AHRQ has already made progress on the specification of a patient
    The second phase of the quality initiative began in 1998,
                                                                     safety research agenda, and efforts are underway:
with the appointment of the Quality of Health Care in America
                                                                       • to support large demonstrations to test reporting strategies
Committee. Having identified the significant breadth and depth
                                                                         and patient safety interventions;
of quality concerns, this new committee was tasked with
                                                                       • to develop and test the use of appropriate technologies to
identifying strategies for achieving a substantial improvement
                                                                         reduce medical errors;
in quality over the coming decade. The committee’s first report,
                                                                       • to support established cross-cutting teams of researchers
To Err is Human: Building a Safer Health System (Institute of
                                                                         and health care facilities and organizations in
Medicine, 2000), focused on a specific type of quality problem,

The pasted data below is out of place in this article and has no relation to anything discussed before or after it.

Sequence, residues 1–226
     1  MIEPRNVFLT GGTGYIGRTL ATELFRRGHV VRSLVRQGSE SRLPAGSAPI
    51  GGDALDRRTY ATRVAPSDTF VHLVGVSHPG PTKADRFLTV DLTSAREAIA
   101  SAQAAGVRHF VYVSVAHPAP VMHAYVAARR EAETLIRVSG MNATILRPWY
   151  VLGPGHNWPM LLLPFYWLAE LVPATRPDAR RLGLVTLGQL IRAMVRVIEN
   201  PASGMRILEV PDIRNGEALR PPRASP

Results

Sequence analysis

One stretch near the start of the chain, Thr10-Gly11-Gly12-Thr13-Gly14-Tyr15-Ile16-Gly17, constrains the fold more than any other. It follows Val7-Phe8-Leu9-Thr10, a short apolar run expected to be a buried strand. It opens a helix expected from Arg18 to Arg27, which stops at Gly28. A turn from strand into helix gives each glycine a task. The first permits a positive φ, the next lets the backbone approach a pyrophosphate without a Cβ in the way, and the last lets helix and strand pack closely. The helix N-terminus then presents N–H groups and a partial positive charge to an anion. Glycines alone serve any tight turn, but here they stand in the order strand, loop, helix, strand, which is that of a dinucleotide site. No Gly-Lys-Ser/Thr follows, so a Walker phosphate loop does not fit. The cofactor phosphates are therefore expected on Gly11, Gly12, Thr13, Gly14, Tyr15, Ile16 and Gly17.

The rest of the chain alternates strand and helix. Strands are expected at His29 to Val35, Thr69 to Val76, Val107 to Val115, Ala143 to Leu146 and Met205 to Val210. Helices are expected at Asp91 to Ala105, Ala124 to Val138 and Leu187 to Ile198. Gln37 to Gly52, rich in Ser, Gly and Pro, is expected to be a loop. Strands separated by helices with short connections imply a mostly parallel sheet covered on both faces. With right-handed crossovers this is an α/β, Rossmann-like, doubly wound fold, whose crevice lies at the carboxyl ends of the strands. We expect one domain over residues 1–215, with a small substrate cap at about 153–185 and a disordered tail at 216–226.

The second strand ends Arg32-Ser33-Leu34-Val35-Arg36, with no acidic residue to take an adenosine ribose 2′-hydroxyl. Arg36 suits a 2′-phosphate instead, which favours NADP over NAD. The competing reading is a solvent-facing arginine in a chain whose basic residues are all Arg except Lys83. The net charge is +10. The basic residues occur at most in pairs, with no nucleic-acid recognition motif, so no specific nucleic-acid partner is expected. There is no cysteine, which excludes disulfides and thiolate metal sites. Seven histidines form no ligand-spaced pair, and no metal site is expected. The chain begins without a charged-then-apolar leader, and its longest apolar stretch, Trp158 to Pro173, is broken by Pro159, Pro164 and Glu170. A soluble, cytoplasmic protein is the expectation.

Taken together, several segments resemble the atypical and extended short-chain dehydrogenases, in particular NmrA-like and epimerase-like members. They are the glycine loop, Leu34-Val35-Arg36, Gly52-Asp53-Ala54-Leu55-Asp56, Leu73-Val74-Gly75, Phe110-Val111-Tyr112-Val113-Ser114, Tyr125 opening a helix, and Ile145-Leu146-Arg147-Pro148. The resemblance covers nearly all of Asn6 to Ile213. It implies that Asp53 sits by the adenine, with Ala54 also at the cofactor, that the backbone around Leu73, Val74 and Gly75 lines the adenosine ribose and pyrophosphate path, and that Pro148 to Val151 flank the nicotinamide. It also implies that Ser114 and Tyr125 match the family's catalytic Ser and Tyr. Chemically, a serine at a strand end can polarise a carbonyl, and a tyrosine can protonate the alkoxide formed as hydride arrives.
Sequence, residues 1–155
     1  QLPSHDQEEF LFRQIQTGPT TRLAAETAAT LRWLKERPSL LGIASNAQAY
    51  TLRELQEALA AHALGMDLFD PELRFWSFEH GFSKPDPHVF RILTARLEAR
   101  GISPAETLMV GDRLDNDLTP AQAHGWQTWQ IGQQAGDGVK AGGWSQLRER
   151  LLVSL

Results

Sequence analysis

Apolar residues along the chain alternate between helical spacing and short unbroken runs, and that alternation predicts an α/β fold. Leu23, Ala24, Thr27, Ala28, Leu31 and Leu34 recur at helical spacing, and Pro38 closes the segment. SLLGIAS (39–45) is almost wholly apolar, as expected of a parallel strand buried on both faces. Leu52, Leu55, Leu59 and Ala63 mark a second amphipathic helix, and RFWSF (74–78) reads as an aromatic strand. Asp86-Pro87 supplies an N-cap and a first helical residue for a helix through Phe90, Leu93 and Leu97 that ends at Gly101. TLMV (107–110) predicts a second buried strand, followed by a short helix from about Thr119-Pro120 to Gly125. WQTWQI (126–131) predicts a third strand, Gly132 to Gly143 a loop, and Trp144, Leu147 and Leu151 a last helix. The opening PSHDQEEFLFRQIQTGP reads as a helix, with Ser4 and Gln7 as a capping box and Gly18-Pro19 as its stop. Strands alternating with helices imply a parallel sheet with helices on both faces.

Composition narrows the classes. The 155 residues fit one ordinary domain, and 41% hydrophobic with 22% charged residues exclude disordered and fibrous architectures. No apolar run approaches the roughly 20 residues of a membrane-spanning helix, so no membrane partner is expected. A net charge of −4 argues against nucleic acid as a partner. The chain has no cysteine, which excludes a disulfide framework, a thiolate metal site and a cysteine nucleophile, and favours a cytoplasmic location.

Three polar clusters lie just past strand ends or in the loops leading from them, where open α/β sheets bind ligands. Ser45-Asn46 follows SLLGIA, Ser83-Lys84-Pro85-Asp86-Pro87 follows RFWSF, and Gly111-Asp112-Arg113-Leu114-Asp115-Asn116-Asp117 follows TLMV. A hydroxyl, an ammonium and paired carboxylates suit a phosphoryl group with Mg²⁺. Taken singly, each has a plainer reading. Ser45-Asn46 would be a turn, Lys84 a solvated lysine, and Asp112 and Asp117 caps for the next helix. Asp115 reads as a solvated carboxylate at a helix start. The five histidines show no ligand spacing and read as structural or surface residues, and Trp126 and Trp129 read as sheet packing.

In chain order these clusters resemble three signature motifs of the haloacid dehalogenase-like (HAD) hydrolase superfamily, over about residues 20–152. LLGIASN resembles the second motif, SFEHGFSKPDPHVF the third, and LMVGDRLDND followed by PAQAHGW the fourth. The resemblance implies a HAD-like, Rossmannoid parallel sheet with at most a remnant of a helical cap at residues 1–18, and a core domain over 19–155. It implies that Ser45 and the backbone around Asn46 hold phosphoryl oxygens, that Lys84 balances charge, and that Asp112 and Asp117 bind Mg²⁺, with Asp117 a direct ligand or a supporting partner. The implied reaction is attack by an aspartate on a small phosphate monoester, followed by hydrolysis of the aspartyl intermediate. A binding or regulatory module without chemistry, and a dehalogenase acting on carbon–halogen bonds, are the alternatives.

geographically diverse locations, which will determine
namely medical errors. While the final report, Crossing the
                                                                         the causes of medical errors and develop new knowledge
Quality Chasm: A New Health System for the 21st Century, is
                                                                         to support the work of the demonstrations;
a call for action to improve the American health care delivery
                                                                       • to develop new multidisciplinary research teams to
system as a whole, in all its quality dimensions.
                                                                         improve the nation’s capacity in patient safety research;
                                                                       • to develop an understanding of how the environment of
   In To Err is Human, released in 1999, the committee
                                                                         care impacts the ability of providers to improve safety; and
concluded that tens of thousands of Americans die each year
                                                                       • to fund researchers and organizations to develop,
from errors in their care, and hundreds of thousands suffer or
                                                                         demonstrate, and evaluate new approaches to improving
barely escape from nonfatal injuries that a truly high-quality
                                                                         provider education in order to reduce errors.
care system would largely prevent. The report received

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Shaping the Future                                                                         Volume I, Number I, Winter 2002

Congress began holding hearings within weeks of the report
release and in December 2000 appropriated $50 million for                 Letter from the President
AHRQ to support research and demonstrations on patient                       Dr. Kenneth Shine
safety (Public Law No: 106-554, 2000).
                                                                              Recently Rabbi Jeffrey